On Wednesday, 29 June, the Mexican Supreme Court rejected a draft law to decriminalise abortion. Members of this institution’s upper house rejected, by three votes to one, an initiative seeking to “declare as unconstitutional two articles in the penal code criminalising abortion and drastically limiting the options to have an abortion on medical grounds”.
Abortion has been authorised in Mexico City since 2007 provided that it is carried out within three months of conception. However, it is prohibited in the rest of the country unless the pregnant woman’s life is in danger (see Abortion in Mexico).
The draft bill, presented by Arturo Zaldivar, member of the Supreme Court, sought to “extend the option for abortion to women suffering from other disorders and to declare as unconstitutional prison sentences of up to five years for illegal abortion”. According to Arturo Zaldivar, Article 334 of the Mexican Penal Code “genuinely discriminates against women’s health”. His intention was also “to introduce gradual sanctions in the event of illegal abortion depending on the number of weeks into the pregnancy”.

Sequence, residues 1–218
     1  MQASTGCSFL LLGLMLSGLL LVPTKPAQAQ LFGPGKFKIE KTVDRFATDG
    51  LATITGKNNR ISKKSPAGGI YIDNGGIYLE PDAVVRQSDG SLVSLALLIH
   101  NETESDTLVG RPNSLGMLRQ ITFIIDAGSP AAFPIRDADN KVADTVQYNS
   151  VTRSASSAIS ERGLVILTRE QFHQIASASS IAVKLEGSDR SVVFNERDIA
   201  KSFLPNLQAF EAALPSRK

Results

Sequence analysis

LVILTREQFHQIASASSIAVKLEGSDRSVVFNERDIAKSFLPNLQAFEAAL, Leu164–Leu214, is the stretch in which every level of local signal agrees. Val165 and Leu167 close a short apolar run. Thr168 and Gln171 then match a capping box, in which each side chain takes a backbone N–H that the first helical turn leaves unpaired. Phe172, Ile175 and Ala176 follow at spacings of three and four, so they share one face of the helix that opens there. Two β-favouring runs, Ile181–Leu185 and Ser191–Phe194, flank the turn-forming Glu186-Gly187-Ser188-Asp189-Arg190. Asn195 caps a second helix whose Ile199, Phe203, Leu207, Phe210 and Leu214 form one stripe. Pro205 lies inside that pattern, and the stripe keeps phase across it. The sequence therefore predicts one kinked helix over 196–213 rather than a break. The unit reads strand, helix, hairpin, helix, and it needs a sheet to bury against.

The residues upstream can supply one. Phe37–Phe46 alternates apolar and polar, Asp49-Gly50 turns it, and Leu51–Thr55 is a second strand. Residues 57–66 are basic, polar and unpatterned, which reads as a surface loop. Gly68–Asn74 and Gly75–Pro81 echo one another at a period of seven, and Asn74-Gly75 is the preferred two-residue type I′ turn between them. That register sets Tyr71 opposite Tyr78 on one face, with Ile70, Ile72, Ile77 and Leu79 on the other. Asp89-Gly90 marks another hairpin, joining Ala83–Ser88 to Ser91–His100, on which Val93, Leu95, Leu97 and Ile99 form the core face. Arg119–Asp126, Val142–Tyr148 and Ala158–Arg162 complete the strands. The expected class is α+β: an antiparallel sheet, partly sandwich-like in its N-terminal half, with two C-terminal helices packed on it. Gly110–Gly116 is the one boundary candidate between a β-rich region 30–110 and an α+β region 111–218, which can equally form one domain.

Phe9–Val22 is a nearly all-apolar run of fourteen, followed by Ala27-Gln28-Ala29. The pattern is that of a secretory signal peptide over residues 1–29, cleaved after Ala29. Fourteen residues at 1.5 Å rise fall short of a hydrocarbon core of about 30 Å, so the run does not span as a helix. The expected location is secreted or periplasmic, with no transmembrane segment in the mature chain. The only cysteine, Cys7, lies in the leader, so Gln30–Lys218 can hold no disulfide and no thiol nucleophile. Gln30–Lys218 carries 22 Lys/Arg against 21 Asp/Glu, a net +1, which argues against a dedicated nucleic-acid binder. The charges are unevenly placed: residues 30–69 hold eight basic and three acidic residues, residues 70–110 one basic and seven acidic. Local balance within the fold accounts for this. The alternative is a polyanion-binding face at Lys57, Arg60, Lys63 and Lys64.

Although the Supreme Court has rejected the bill, the spread of the Zika virus to Latin America has recently rekindled the debate on this issue. The Court does not rule out examining a new proposal in the coming months.
AFP 30/06/2016, Le figaro 30/06/2016